Simon Fujiwara's  Hello

Simon Fujiwara's Hello

In contrast to Hello, which reveals no clarifying supplemental information in its concluding minutes, the next work in Program 7, Gibson’s F for Fibonacci, is more typically representative of this approach in that its end credit sequence details some of the major units of intertextual information incorporated into the work. Within this short that circled around the topic of abstractions and models of various sorts, key excerpts were derived from an article on noise from Journal of Finance and a chapter on music and numbers from a book of music projects for children. The accumulation of references in Gibson’s video raised for me the question of how such a heavily loaded work could successfully function within a long program of films and a festival in which it was going to be seen only once by each viewer. Whereas the central elements of Hello were discernible enough to be remembered after a single viewing, the densely layered (which is not to say profound) nature of F for Fibonacci might have been far better suited the venue of the Amphitheater, for which certain videos had been selected to be shown exclusively and repeatedly at regular intervals.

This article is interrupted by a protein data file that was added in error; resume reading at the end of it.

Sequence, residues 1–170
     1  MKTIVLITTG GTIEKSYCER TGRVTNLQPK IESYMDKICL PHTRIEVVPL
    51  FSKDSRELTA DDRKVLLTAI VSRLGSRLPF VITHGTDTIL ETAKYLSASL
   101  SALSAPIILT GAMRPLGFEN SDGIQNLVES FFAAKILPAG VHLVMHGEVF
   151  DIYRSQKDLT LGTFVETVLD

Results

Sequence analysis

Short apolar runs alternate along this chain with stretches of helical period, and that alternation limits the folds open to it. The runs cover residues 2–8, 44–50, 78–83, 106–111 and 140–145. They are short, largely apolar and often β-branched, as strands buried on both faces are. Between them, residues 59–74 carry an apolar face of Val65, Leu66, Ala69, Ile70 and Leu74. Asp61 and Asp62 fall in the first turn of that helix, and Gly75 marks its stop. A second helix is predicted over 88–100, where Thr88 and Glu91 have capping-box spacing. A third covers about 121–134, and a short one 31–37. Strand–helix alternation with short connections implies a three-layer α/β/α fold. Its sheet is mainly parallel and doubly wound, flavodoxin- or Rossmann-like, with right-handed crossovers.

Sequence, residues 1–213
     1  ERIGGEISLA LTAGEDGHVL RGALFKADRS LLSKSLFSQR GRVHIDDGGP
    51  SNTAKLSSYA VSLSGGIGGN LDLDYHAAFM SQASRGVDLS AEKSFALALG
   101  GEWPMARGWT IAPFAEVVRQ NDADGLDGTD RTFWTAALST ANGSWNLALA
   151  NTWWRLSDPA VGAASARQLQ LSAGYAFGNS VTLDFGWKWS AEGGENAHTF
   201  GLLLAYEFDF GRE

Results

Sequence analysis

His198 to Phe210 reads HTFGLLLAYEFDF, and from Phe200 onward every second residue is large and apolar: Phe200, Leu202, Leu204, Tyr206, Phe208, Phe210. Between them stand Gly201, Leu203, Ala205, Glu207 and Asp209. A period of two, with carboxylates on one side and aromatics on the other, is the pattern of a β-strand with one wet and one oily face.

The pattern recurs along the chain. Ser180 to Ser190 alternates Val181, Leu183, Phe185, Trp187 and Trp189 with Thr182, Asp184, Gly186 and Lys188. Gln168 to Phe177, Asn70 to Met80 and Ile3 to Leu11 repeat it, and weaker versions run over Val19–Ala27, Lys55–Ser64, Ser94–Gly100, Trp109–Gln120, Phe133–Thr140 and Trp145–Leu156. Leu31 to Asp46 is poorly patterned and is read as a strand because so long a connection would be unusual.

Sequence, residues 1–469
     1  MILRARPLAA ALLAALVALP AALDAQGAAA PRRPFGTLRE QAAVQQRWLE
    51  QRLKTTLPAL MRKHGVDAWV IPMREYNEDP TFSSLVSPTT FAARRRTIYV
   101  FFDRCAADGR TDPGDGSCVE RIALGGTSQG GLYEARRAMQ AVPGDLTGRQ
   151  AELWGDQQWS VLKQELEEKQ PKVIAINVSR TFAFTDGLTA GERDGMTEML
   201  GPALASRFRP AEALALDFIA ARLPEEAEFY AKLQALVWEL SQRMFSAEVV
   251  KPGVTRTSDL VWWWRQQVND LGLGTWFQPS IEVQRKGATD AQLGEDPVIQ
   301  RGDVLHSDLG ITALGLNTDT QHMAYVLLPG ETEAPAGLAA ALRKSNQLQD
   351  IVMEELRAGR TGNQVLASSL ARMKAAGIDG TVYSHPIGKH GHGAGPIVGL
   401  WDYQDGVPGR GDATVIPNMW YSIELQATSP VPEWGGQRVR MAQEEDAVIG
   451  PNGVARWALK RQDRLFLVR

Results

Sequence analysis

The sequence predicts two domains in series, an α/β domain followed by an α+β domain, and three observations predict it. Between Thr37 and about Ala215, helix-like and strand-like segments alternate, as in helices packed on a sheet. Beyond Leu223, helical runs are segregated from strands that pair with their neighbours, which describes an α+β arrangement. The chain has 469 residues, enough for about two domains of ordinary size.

The strategies of intertextual citation and appropriation undergirding Gibson’s video appeared again, taken to a hyberbolic extreme, in the next and most contested video in the program, Louis Henderson’s Black Code/Code Noir. Beginning with a digital image of a darkened Earth, Henderson’s video displays as on-screen text the following uncredited quotation from a lecture by Michel Serres: “More beautiful than the day, peaceful by all means, the star-studded, pensive and soft night is a better model of knowledge than the sun-struck, cruel, exclusive, eye-hurting, ideologically prone and opinion-ridden light of day.” Following Serres’s lecture, which argues against the metaphoric uses of “enlightenment,” Black Code/Code Noir responds to the Michael Brown and Kajieme Powell killings in the United States by condemning the eighteenth century Enlightenment. Playing with the notion of two types of codes sharing a common core, it links laws about slavery in the Americas to contemporary technologies of surveillance and control, declaring in a later on-screen text, “The algorithm is the apparatus that organizes and activates the necropolitical logic.” This is hardly a nuanced or original thesis, to which Henderson’s video also adds the suggestion that the Haitian Revolution can serve as a model for breaking with Enlightenment thinking. Had Black Code/Code Noir begun with such premises and attempted to not only support but question them as well, it might have been more engagingly essayistic. But even as a one-dimensional tract, the work could have been redeemed by formal inventiveness; instead, it plays like an audiovisual bombardment designed to reiterate a facile historical narrative via superimpositions, split screens, Web page captures, recorded lectures, hip-hop clips, footage taken from police and civilian sources, and of course digital artifacts. That Henderson’s polemic was followed by far less bombastic, overstuffed films was particularly unfortunate for their creators: Ahwesh offered appropriated animations of what she called “little narratives” of the 2014 Israel-Gaza conflict, Silva created an urban ode from found footage, and Asili sought out visual affinities between the street life of two areas shaped by the African diaspora, Harlem and Salvador, Brazil.